US, Netherlands back UN aim to raise $144 million for Yemen’s Safer tanker emergency operation

US, Netherlands back UN aim to raise $144 million for Yemen’s Safer tanker emergency operation
  • In the event of an oil spill, the cleanup alone is expected to cost $20 billion

The US and the Netherlands support UN efforts to address and avert the economic, environmental, and humanitarian threats posed by Yemen’s Safer oil tanker in the Red Sea region.

Dutch Ambassador to the US André Haspels hosted a meeting joined by US Special Envoy Lenderking, Yemeni Ambassador to the US Mohammed Al-Hadrami and representatives from the diplomatic community in Washington, on Friday.

They stressed the importance of raising $144 million to fund the UN’s operational plan, which includes $80 million for an emergency operation to offload the oil from the decaying tanker to a temporary vessel, an official joint statement said.

At a pledging event co-hosted by the UN and the Netherlands earlier this month, nearly half the funds required for the emergency operation were raised, but more was urgently needed to move forward.

Safer is a rapidly decaying and the unstable oil tanker that could leak, spill or explode at any time and could severely disrupt shipping routes in the Gulf region and other industries across the Red Sea, unleash an environmental disaster and worsen the humanitarian crisis in Yemen.

By October, high winds and volatile currents will make the UN operation more dangerous and increase the risk of the ship breaking apart. In the event of a spill, the cleanup alone is expected to cost $20 billion.

“We urge public and private donors to consider generous contributions to help prevent a leak, spill, or explosion, whose effects would destroy livelihoods, tourism, and commerce in one of the world’s vital shipping lanes,” the statement read.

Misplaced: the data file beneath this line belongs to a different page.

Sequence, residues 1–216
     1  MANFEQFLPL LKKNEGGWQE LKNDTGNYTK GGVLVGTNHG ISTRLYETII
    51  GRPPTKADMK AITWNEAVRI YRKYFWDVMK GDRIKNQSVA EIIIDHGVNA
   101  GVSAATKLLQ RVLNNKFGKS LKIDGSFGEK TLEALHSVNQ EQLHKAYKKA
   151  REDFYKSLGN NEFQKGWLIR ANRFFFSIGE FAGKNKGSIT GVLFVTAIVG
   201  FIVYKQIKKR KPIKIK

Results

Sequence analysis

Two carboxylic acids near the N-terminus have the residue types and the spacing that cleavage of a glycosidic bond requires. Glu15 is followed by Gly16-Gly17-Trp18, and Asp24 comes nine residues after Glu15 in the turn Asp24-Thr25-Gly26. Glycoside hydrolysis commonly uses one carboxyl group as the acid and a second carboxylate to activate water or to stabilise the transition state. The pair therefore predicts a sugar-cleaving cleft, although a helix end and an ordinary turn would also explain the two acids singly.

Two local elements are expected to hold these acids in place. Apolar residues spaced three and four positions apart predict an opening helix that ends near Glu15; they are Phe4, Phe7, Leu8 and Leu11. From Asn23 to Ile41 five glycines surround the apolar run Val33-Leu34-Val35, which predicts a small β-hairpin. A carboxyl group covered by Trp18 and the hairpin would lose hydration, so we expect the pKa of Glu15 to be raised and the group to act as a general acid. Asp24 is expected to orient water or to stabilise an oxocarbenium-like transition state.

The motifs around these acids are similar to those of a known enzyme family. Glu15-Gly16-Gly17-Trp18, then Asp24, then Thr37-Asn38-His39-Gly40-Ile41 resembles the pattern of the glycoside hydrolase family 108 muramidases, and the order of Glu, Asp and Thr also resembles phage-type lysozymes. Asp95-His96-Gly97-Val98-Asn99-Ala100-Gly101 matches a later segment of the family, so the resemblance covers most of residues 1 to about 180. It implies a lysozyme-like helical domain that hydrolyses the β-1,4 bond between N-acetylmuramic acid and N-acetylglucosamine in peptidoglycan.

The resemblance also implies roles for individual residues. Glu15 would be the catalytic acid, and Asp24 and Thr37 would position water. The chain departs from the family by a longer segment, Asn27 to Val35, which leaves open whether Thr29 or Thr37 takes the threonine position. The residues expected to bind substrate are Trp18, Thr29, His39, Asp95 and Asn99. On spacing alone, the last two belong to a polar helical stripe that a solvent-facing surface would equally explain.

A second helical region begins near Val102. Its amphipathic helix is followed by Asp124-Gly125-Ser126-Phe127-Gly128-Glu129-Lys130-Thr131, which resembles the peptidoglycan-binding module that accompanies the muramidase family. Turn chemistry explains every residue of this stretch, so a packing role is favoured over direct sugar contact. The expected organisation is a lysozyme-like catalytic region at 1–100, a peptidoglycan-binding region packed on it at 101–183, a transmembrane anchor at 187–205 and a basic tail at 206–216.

Last month, Lenderking and Dutch Ambassador to Yemen Peter Derrek Hof joined UN Resident and Humanitarian Coordinator for Yemen David Gressly on a trip in the Gulf to increase awareness of the imminent risks the Safer poses to the entire region.

“The international community, private sector included, must take action now to address the imminent threats posed by the Safer,” the statement said.


Turkey captures the new leader of Daesh in Istanbul raid

Turkey is keen to up the ante against its NATO allies in order to show its commitment to counterterrorism efforts. (AFP)
Turkey is keen to up the ante against its NATO allies in order to show its commitment to counterterrorism efforts. (AFP)
Updated 28 May 2022

Turkey captures the new leader of Daesh in Istanbul raid

Turkey is keen to up the ante against its NATO allies in order to show its commitment to counterterrorism efforts. (AFP)
  • Ankara aligning with Western security priorities to remind NATO allies of common terror threats, analyst tells Arab News

ANKARA: Turkey captured the new leader of the militant group Daesh in a raid in Istanbul, local media claimed on Thursday.

Turkish dissident news website Oda TV claimed Abu Al-Hasan Al-Hashimi Al-Qurayshi was caught in an operation directed by Istanbul’s police chief, Zafer Aktas, after days of surveillance and preparation, though no official statement has yet been made.
According to Turkish press reports, President Recep Tayyip Erdogan is expected to unveil details of the operation in the coming days.
The previous leader of Daesh, Abu Ibrahim Al-Hashimi Al-Qurayshi, was killed in northwestern Syria on Feb. 3 by US forces.
In recent months, Turkish police have systematically carried out raids against Daesh cells across the country. Earlier in May, a prospective suicide bomber allegedly linked to the group was arrested in Urfa on the Syrian border, while three more people were detained the same week in Bursa.
On Thursday, another Daesh member was shot dead by police while allegedly trying to blow himself up in front of the police department in the southeastern province of Gaziantep.